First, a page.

Data warehouses have become the new holy grail for decision support. A vital ­ I would contend essential ­ engine to drive decision support capabilities to the next level and into the next century. Data warehousing underpins the best decision support systems of today, as it will tomorrow, enabling organizations to become more scientific, consistent and fact based in their decision making and improving the quality and speed of decisions. Improving an organization's decisioning capability is tantamount to increasing its competitiveness. Sound familiar? Probably so. We've all heard about using data warehouses to turn data into information, information into knowledge and knowledge into action. But what about turning decisions into profits? Profits in business, after all, ultimately result from the decisions that people make ­ decisions often made in the context of complexity, uncertainty and risk. There indeed has been a lot of talk about the next century and the information age that will dominate it. The intent of this column, however, is not to rehash old arguments, but to look beyond the information age to the frontier looming ahead ­ the Decisioning Frontier.

Making the best decision ­ the decision that proves right as the future unfolds ­ is the real promise of the information age, and one on which few implemented systems have delivered. Decision support has become the forgotten goal. When senior managers evaluate a new information system, it's too often in terms of the numbers of users or number of gigabytes rather than in terms of impact on decisions. Few of the systems in place do more than make existing processes more effective or productive. If the discussion turns to individual decisions employees make, as long as they are directionally correct, then the information system supporting those decisions is deemed to function properly.

It's just not good enough. Despite substantial investments in decision support systems, decisions remain based on the information available rather than on what is really relevant. Given the level of investment required and the organization necessary to implement that investment, the goals for it should be equally compelling. Keep in mind that it doesn't matter how good the CEO's vision if the customer service manager and product manager are implementing that vision inconsistently ­ the market will go elsewhere. The record of the best long-term decisions combine history and experience with the flash of intuition: Shell Oil's prediction of the 1970's oil shock; Wal-Mart's decision to manage inventory so closely. These decisions stand out precisely because they are the exception to the general pattern ­ the recent criticisms against strategic planning bear witness to corporate belief in the failure of other decisions. And the reason for the poor track record is rather simple. One of the architects of Shell's win explained in an interview, "Too many decisions are set up with three possibilities for the future ­ it could go this way, or it go that way, but it will most likely end up somewhere in the middle. Unfortunately, in the real life of managers, very little happens in the middle."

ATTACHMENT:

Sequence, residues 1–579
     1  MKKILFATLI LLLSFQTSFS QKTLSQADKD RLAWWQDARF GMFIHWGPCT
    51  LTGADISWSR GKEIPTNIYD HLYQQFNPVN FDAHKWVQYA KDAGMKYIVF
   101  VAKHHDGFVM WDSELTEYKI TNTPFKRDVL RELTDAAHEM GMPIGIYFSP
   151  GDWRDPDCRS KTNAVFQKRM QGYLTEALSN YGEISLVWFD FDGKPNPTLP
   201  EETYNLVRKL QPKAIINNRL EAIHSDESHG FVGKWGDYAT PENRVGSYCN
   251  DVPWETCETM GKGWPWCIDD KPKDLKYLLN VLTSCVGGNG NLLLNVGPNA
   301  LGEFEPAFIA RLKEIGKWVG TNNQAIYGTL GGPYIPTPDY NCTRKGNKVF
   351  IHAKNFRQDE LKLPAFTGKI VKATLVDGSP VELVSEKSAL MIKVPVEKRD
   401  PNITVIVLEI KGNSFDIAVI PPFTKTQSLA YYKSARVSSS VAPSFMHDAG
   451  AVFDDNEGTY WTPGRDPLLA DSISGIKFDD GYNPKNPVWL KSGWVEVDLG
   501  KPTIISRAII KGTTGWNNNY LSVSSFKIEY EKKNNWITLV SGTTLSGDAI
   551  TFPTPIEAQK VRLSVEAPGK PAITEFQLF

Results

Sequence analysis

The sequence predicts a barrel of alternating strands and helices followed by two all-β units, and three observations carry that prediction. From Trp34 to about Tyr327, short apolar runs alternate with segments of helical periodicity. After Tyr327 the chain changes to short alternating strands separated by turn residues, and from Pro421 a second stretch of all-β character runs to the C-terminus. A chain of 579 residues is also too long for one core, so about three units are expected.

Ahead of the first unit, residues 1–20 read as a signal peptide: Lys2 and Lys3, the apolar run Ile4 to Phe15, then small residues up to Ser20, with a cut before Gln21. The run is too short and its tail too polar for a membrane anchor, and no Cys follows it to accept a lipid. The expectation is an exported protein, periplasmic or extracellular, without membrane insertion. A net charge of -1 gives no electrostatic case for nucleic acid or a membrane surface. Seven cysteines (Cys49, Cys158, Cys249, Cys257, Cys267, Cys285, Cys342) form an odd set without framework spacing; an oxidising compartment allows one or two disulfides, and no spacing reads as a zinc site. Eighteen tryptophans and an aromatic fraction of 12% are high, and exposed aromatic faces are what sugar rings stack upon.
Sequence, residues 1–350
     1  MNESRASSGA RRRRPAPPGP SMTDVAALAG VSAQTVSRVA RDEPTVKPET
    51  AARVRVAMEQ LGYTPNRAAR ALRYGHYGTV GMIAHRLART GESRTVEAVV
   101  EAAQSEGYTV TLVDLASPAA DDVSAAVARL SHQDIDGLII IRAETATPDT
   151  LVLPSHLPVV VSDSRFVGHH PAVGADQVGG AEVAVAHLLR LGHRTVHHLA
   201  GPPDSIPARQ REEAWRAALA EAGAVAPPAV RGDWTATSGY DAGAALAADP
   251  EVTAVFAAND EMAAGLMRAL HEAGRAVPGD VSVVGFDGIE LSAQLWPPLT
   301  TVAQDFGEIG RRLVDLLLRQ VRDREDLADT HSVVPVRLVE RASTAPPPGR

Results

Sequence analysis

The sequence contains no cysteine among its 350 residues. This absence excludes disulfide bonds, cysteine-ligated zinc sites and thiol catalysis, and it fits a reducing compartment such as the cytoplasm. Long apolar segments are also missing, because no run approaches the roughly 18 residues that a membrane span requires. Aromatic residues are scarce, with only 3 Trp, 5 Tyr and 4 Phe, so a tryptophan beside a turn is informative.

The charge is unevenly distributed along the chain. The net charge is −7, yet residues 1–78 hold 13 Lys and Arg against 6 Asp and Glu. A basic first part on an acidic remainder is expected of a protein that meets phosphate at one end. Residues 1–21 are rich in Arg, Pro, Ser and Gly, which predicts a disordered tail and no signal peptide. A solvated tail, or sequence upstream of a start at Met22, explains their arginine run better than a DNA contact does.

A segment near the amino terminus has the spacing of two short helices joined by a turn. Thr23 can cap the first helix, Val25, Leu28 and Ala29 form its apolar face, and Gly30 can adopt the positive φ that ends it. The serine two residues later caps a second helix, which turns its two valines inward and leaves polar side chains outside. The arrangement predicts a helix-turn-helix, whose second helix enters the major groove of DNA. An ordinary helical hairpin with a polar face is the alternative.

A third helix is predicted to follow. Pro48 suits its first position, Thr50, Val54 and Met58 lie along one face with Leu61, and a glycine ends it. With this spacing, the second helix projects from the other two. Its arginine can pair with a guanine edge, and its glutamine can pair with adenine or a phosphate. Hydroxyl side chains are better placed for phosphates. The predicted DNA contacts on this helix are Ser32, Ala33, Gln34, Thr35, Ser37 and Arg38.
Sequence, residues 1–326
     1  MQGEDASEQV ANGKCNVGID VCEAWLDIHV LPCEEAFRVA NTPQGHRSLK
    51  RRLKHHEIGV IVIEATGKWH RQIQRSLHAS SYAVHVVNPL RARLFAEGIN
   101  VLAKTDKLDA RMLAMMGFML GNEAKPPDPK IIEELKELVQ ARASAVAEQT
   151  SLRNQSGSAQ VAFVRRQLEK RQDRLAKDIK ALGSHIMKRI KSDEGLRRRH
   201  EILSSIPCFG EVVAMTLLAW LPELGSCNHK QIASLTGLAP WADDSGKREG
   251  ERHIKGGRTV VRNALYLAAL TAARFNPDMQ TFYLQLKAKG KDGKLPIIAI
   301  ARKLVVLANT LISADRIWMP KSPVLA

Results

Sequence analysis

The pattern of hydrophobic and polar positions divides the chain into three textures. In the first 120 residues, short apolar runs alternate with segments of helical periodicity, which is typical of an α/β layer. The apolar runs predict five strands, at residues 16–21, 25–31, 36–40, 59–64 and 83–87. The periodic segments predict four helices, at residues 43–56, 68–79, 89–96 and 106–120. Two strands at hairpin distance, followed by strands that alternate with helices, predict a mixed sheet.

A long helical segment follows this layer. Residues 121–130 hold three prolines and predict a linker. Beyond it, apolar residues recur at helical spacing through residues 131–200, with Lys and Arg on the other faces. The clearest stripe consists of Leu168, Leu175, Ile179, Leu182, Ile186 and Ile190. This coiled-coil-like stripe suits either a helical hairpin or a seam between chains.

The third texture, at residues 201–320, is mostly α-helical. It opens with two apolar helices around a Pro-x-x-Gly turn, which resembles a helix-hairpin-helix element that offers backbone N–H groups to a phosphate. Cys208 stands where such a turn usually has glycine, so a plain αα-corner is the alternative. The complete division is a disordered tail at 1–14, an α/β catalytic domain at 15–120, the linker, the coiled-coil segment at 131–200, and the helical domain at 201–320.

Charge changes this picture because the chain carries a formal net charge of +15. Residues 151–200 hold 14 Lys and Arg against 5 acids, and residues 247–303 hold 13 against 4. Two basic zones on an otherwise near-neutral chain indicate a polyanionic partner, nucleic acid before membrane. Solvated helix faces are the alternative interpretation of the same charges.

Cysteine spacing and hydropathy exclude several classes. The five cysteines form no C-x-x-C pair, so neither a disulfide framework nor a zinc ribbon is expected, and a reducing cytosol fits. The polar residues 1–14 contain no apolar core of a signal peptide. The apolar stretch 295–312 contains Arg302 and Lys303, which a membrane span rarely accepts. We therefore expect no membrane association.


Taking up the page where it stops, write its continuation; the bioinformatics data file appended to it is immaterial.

So don't get caught in the middle. What will distinguish our near term future is speed ­ and the ability for everyone at every level of the organization to benefit from the history, experience and knowledge of the enterprise. The speed and quality of business decisions depend on the knowledge individuals possess at a particular time and place, as well as the information they have at their disposal. If the information is flawed or irrelevant to the issue at hand, the outcome will suffer. In short, the anchor of experience and knowledge will remain ­ but now it must serve as an anchor that stabilizes everyone in the organization. Prepare the decision support systems of the 21st century to be organizationally accurate ­ resulting in a build-up of consistent decisions based on the company's collective data, history and wisdom.

This is the real corporate frontier of the next century ­ to match a market exploding with information and access. The prophecy of the global visionaries ­ that eventually everyone everywhere would want everything ­ has now become a reality, thanks ­ in large part ­ to the Internet. This does not by definition need to make the corporation's job more difficult, but it does give it a new dimension. Winning will require a more savvy kind of information that focuses and leads the company in the right direction, coupled with timing that outpaces the market. To be smarter than the market, the company must give each of its employees access to the kind of inside information and knowledge that will help them make the decisions that will prove right nearly every time ­ even as the market evolves.

I look forward to exploring with you in the coming months the challenges and solutions of these next generation decision support systems, powered by data warehousing, which facilitate information flows up and down the organization to achieve alignment of key decisioning processes. Without alignment, decisions made at the operational and individual levels run the risk of side-stepping the firm's strategy ­ precisely the issue that keeps many CEOs awake at night. And heaven knows they could use some more sleep.

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